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Click above to purchase "Things You Can Tell Just By Looking At Her" at


Things You Can Tell Just By Looking At Her

review by Zach B.


Rated R

Studio: MGM

Running Time: 109 minutes

Starring Glenn Close, Cameron Diaz, Calista Flockhart, Amy Brenneman, Holly Hunter, Kathy Baker, Valeria Golino, Matt Craven, Gregory Hines

Written and Directed by Rodrigo Garcia

Retail Price: $19.98

Features: Theatrical Trailer

Specs: 1.85:1 Anamorphic Widescreen, English Dolby Digital 5.1, French Stereo Surround, Spanish Dolby Digital 5.1, English Closed Captions, French Subtitles, Spanish Subtitles, Scene Selections (32 Scenes)

It's always such a shame when great movies, great movies that are meant to reach out to people, to inspire people and give hope to people simply can't for one reason or another. It's always such a shame when movies that are meant to become classics, movies that touch the heart and movies that are meant to become part people's lives will never be able to do any of those things. "Things You Can Tell Just By Looking At Her" is one of these movies, and if you have the chance to see it, you better not miss it.

Those really into film may have heard about and know the somewhat extensive history behind it. This movie debuted at a few film festivals (Sundance most notably) and scored some rave reviews, praising the subject matter, raw acting and sensibility the movie had. Unfortuantley, as months went by, it seemed doubtful the movie would find its way to theaters in the United States. While it never did find its way there, the movie was not totally lost. It debuted on the pay cable channel Showtime, and as of writing this, it even coughed up an Emmy nomination for Holly Hunter. This was a movie meant to be seen in theaters and was meant to reach a lot of people.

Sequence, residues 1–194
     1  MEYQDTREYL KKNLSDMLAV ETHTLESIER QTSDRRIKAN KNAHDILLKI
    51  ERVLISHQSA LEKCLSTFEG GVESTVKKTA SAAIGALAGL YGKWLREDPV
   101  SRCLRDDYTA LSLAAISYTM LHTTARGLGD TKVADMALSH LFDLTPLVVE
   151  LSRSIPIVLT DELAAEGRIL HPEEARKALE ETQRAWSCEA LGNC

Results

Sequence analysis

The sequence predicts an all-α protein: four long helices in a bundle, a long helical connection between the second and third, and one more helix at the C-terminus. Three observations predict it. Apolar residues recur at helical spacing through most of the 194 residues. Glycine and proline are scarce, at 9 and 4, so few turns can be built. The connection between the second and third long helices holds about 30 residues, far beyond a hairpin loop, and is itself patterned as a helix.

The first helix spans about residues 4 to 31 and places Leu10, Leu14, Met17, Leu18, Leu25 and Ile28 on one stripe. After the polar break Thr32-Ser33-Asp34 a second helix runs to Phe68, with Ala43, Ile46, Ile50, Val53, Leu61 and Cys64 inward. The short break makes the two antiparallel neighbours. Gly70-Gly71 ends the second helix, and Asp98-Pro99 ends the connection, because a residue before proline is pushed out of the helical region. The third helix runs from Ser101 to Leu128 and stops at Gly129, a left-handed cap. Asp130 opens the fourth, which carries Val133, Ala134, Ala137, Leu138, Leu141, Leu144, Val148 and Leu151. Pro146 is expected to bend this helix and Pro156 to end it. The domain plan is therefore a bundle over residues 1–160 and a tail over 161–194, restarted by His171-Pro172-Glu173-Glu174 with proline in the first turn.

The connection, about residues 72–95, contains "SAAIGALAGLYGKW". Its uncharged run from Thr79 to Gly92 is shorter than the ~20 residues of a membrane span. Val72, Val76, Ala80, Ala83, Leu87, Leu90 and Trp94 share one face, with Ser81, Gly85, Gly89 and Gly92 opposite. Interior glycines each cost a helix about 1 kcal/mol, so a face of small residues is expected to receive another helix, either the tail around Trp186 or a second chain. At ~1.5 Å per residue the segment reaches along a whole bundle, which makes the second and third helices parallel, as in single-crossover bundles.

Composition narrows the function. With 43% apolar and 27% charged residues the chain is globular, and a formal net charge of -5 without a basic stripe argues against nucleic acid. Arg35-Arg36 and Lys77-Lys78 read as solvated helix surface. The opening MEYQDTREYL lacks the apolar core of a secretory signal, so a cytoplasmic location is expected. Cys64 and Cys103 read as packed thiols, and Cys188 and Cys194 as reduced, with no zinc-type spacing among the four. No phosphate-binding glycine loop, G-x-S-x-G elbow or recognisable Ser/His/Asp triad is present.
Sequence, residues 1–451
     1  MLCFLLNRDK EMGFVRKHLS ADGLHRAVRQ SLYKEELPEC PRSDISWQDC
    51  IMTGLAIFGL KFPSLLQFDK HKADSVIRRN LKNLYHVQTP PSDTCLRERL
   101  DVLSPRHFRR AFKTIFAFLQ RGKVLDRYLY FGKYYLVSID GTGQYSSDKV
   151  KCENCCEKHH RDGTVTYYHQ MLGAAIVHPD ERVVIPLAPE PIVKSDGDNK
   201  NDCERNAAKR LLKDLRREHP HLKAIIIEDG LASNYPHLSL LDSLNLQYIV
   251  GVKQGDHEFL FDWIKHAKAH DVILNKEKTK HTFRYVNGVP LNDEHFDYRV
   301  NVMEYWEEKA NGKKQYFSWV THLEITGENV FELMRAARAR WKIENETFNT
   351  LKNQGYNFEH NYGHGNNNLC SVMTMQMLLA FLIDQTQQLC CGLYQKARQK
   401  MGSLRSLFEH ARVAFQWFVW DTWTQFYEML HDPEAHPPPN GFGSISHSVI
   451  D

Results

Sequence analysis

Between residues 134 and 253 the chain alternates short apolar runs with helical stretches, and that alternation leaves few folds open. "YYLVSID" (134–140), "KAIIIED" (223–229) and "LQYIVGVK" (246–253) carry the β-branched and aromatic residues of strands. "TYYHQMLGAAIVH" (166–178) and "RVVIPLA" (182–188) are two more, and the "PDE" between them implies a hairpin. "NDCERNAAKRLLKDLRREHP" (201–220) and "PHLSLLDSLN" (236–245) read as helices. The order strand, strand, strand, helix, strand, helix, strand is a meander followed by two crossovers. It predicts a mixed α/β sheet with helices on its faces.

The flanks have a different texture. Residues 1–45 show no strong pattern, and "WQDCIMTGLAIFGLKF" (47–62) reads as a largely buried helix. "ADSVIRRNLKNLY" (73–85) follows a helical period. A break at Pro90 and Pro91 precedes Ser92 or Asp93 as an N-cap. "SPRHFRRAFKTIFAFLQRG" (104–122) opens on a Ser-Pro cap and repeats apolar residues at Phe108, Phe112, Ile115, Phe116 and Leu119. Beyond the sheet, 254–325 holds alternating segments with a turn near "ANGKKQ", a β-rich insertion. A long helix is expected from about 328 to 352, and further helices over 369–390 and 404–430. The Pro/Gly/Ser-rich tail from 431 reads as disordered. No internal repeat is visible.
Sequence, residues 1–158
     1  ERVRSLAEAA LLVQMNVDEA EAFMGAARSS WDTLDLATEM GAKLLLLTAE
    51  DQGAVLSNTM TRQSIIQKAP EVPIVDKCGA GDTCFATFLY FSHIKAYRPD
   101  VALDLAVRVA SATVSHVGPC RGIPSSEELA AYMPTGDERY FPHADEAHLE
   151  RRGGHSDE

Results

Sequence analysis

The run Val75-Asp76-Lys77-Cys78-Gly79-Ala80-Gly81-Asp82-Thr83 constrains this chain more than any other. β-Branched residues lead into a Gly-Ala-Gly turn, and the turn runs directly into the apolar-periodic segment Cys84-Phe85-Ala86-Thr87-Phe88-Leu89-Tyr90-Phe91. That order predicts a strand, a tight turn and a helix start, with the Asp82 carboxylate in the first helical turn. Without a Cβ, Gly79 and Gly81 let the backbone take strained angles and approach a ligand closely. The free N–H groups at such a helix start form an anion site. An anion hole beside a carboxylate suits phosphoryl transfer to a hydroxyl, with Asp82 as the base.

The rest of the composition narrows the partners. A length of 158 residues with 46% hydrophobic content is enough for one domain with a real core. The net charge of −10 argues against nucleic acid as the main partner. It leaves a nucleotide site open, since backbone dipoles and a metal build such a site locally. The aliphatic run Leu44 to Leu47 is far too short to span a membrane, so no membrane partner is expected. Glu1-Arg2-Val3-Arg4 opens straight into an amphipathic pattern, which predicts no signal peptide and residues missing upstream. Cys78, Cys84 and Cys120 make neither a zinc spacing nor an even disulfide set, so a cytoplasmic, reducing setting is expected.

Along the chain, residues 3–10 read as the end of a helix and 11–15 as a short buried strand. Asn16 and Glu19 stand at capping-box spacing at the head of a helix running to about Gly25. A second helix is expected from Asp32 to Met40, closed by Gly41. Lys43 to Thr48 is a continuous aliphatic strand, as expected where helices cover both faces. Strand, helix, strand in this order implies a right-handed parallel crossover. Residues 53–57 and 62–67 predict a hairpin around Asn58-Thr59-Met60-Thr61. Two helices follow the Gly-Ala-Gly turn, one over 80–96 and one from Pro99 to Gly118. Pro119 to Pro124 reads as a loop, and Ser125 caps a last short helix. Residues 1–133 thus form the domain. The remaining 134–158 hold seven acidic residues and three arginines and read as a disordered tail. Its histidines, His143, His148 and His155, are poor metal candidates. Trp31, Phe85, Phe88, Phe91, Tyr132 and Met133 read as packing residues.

"Things You Can Tell Just By Looking At Her" is an anthology film of sorts about women, and all the stories are somehow loosely connected. The first story, called "This Is Dr. Keener" has Glenn Close as a doctor who is a bit sick of taking care of her elderly and ill mother. As she consults a tarot card reader (Calista Flockhart), Dr. Keener has to realize her life needs more to make it better.

The second story, "Fantasies About Rebecca", has Holly Hunter as a bank manager obviously named Rebecca who thinks her life is going well, until she sees herself in a homeless woman who keeps bothering and pestering her. From there, she does get pregnant from her boyfriend (Gregory Hines) who never seems to be around. Hunter knows things to make things richer are missing.

The third story, and my favorite one, is entitled "Someone For Rose." It follows a single mother named Rose (Kathy Baker), who writes children's books and takes care of her sexually active fifteen year-old son. A dwarf named Albert moves across the street from them, and while there is some apprehension, the two get to know one another and Rose starts to get very interested.

"Goodnight Lily, Goodnight Christine" has the tarot card leader Christine from before, that being Calista Flockhart, facing that her lesbian lover Lily is dying from cancer. As Christine takes care of her, she must also come to gripes with her depression from all of it.